What will tomorrow’s new normal be after this exceptional event? In a preview of The State of Fashion report that McKinsey and Company recently published, in collaboration with BOF, the starting point is already a significant figure that deals an unwelcome blow on the entire fashion and luxury system: between January and the end of March 2020, capitalization in this market dropped by an average of almost 40%. For an industry that is able to generate annual global revenues of $2.5 trillion – prior to Covid-19 – it is a staggering amount. Going into details, for personal luxury goods (fashion, accessories, watches, jewelry), a global reduction in annual revenues of between 35 and 39% has been estimated as well as a positive growth of 1 to 4% in 2021 (compared to 2019). The consumption standstill is further aggravating the offer side of the crisis. The forced closure of the stores, for a sector that still depends greatly on off-line channels, together with the final consumer’s instinct to prioritize essential goods, inevitably has an effect on brand profits and depletes liquidity reserves. On-line channels, which have decreased by 15 to 25% in China, 5 to 20% in Europe and 30 to 40% in the United States, are not doing much better. In its new analysis, McKinsey identifies three environments and five analysis points that could suffer the consequences of this pandemic more greatly. Here is a short summary:
Survival instinct. Recovery will coincide with a period of recession. Companies that survive will intervene rapidly to stabilize their core business, before appearing on new markets, evaluate new strategies and growth opportunities.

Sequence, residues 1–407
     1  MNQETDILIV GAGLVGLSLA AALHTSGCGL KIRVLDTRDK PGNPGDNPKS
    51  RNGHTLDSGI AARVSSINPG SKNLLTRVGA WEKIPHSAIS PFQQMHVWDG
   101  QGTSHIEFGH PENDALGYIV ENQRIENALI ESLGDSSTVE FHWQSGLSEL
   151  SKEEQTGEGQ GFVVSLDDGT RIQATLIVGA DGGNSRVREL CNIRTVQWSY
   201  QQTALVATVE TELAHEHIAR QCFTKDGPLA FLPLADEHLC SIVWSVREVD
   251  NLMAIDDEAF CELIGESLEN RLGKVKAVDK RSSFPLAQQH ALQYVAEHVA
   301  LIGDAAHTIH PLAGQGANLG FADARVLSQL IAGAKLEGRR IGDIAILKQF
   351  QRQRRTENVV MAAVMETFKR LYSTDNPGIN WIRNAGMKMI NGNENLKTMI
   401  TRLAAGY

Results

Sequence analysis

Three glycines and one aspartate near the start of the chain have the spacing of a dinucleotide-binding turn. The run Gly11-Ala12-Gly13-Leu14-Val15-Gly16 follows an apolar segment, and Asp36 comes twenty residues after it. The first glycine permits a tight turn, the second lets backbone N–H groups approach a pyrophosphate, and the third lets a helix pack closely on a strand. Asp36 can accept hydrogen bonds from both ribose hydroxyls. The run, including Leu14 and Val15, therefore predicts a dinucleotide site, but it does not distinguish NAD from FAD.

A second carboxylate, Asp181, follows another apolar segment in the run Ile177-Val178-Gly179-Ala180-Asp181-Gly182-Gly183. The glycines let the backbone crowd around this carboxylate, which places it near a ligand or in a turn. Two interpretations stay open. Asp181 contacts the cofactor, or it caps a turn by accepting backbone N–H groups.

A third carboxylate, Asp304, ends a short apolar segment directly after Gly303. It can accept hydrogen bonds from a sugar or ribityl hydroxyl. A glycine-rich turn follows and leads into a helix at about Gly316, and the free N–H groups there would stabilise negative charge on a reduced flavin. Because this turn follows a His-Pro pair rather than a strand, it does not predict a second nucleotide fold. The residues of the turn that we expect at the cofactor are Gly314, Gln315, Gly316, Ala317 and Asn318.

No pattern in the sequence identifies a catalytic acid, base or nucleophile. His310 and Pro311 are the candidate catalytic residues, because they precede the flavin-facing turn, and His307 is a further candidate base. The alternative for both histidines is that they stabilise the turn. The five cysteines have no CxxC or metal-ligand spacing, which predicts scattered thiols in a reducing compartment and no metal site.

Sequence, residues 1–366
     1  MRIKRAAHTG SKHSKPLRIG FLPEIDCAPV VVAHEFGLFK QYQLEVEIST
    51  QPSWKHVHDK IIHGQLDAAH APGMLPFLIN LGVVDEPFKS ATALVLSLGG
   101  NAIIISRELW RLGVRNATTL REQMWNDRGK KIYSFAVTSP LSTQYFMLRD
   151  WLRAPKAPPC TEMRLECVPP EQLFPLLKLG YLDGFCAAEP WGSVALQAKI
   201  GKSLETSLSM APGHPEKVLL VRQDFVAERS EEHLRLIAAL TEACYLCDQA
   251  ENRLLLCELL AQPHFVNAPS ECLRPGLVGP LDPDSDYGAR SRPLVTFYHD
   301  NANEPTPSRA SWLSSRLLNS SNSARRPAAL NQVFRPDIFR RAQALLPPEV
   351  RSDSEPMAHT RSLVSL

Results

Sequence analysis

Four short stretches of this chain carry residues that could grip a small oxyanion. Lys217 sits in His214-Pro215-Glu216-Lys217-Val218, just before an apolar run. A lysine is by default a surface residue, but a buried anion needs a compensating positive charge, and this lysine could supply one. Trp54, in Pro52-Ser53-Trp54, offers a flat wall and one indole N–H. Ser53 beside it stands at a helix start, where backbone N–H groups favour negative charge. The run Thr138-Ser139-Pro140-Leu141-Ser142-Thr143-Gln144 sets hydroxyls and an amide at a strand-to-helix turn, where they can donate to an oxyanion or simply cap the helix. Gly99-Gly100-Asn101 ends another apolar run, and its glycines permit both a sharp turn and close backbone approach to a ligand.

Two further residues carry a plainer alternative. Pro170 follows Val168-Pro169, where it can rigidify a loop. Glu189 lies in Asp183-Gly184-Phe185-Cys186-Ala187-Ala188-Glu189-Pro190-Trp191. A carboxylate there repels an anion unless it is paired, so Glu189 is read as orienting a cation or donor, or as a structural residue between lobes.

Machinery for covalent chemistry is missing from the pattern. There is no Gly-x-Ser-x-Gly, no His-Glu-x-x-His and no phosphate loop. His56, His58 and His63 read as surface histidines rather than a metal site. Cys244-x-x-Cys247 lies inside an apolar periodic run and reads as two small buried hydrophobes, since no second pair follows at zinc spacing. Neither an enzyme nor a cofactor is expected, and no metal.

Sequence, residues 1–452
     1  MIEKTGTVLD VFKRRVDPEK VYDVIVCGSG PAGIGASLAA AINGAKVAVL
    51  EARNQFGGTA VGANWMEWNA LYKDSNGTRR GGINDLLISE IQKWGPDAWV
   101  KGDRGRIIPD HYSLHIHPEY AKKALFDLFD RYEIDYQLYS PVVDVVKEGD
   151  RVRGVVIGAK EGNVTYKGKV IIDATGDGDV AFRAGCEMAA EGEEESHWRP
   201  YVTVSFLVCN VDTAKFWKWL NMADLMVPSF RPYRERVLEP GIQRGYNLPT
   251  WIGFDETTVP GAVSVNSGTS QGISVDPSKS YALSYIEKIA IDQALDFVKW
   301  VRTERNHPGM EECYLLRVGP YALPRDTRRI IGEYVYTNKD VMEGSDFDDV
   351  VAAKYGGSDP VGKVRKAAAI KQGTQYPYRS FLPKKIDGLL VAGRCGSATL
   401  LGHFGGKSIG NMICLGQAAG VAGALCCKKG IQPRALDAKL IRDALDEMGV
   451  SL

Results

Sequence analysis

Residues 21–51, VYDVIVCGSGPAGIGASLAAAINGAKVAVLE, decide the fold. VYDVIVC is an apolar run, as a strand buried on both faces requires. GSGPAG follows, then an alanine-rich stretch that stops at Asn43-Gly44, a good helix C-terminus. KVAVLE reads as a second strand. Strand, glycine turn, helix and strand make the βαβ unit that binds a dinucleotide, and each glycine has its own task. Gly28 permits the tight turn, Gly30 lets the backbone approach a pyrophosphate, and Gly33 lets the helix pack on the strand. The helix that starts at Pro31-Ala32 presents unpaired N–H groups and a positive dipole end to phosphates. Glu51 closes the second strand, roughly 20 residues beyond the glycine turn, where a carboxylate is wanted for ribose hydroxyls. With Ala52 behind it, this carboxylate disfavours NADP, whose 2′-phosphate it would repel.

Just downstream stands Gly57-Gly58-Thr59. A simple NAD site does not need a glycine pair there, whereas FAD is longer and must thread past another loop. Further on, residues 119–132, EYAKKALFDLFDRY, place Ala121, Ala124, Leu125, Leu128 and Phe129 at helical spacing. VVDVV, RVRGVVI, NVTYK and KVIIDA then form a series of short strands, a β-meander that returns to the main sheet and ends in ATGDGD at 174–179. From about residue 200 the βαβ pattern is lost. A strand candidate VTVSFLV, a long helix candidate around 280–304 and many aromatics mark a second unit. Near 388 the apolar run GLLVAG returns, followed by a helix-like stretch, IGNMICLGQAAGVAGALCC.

Attraction to products at reduced prices. Faced with the fact that they will have to find new ways to re-acquire value and re-think their business mission, one of the big brands’ priorities will be freeing up stock.
Growth of digital platforms. Physical distance will make digital channels increasingly important. If companies do not intervene to strengthen and encourage the use of digital tools, they will feel the impact in the long term.
Darwinian selection. The crisis will give the strongest companies even greater strength and speed up the decline of those that were already weak prior to Covid-19. We will see a wave of mergers and takeovers.
Innovation. To mitigate the damage caused by the crisis, adapt to new economic scenarios and consumer behavior, companies will have to invest in new tools and adopt new strategies to reinforce their supply chains, improve operability and productivity as well as re-think their business model.